While a distinguished astronomer is giving a lecture in a planetarium, a shot rings out and one of the audience members is found dead. A tough detective and a brassy female reporter lock horns as they both try to break the case.
Frank R. Strayer
George F. Marion
A beautiful blonde makes a career out of seducing and then blackmailing wealthy married men. She is found murdered after demanding a $5000 payoff from her latest victim, and the detective ... See full summary »
This is the only film where a sitting President of the United States has been credited as a writer. See more »
At 8.56 Blake stops his car and pulls the hand brake, but the background scenery continues to move for another two seconds. See more »
President Franklin D. Roosevelt, talking with a magazine editor on one of his favorite subjects - mystery stories - advanced the question: "How can a man disappear with five million dollars of his own money in negotiable form and not be traced?" Challenged by this, the editor enlisted the aid of six famous authors. The result was a thrilling story. The same problem intrigued the producers of this photoplay, and in another form is now brought to the screen. The proceeds of the sale of the plot, both for publication and motion picture rights, have been given voluntarily by the publisher to the Georgia Warm Springs Foundation. See more »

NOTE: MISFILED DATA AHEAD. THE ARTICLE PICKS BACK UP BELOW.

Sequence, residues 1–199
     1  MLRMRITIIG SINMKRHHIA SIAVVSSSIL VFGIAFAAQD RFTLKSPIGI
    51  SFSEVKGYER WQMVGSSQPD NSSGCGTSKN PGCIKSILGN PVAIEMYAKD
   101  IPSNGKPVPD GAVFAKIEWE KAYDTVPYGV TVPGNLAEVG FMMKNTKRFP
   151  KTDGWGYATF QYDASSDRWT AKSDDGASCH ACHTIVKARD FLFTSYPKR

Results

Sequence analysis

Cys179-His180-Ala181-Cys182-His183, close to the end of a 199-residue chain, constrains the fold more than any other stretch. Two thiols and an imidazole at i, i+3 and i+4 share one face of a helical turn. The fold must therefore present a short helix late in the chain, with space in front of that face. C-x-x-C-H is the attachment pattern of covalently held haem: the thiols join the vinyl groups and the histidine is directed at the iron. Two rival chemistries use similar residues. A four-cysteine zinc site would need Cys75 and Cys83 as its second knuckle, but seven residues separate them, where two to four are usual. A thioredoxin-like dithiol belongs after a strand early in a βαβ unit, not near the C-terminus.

This is an interesting C film made on a tiny budget and directed by the run of the mill Phil Rosen, who made 142 films including such things as Charlie Chan and Shadow pictures. The film is a shameless attempt to exploit President Franklin Roosevelt's name at the box office. Roosevelt suggested an idea for a mystery story, six authors then wrote stories on that theme, which were published successfully, and this film takes inspiration from them (presumably without authority or without paying) and opens with a lot of ballyhoo about being 'the President's mystery'. And just in case anybody had any doubts, that is the title of the film too. It's called rubbing it in and also 'going for it'. Maybe they made a few bucks. However, having made all of those cynical observations, I can add that the film (which is not even a mystery story, by the way) has a serious message, which is treated with just enough restraint not to be a fantasy. Henry Wilcoxon plays a high-powered cartel lawyer who leaves his old life behind and sees the light. She takes the form of Betty Furness, who jumps from being 'Miss Brown' to 'darling' in about one second's screen time, so that an entire wooing and romance must have been left on the cutting room floor. But then, they don't really worry about such things in C pictures. On with the action. He decides to fight the cartel. The cartel send their bully boys round to wreck a factory, Wilcoxon is square-jawed and heroic and saves it, despite being in a framed rap for murder, indeed in jail for it, and the little guys struggle against the big guys in a very thirties way. There is lots of workers' action going on, speeches, incitement, dirty tricks, fistfights. The whole Great Depression looms large, Roosevelt is the hero, and the grit is gritty. It may be low-budget, it may be corny, but it is thoughtful, and avoids being propaganda, believe it or not. In the thirties, cartels may have been in people's imaginations a lot, but these days cartels are in people's faces, and we know they are no fantasy. Today's rogue traders and scheming moghuls make struggles to close down some canning factories in the interests of a monopoly, as in this film, look tame indeed. Sociologically and economically minded people would find this particular film relevant to their concerns, and it keeps you watching, so you can have some fun while you are worrying about society.
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